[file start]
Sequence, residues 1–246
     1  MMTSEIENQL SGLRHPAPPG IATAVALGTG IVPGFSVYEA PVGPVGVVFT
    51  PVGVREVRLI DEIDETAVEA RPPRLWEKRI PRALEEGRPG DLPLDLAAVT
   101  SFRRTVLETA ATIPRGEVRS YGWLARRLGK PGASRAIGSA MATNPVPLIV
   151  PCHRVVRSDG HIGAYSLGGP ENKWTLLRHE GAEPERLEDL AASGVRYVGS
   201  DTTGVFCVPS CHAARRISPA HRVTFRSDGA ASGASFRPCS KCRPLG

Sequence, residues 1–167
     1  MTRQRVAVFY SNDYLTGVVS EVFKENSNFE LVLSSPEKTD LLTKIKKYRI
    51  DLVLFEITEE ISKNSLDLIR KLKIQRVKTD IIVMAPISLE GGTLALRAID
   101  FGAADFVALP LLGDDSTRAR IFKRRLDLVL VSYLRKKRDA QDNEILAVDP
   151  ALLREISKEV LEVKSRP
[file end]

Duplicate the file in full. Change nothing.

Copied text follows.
Sequence, residues 1–246
     1  MMTSEIENQL SGLRHPAPPG IATAVALGTG IVPGFSVYEA PVGPVGVVFT
    51  PVGVREVRLI DEIDETAVEA RPPRLWEKRI PRALEEGRPG DLPLDLAAVT
   101  SFRRTVLETA ATIPRGEVRS YGWLARRLGK PGASRAIGSA MATNPVPLIV
   151  PCHRVVRSDG HIGAYSLGGP ENKWTLLRHE GAEPERLEDL AASGVRYVGS
   201  DTTGVFCVPS CHAARRISPA HRVTFRSDGA ASGASFRPCS KCRPLG

Sequence, residues 1–167
     1  MTRQRVAVFY SNDYLTGVVS EVFKENSNFE LVLSSPEKTD LLTKIKKYRI
    51  DLVLFEITEE ISKNSLDLIR KLKIQRVKTD IIVMAPISLE GGTLALRAID
   101  FGAADFVALP LLGDDSTRAR IFKRRLDLVL VSYLRKKRDA QDNEILAVDP
   151  ALLREISKEV LEVKSRP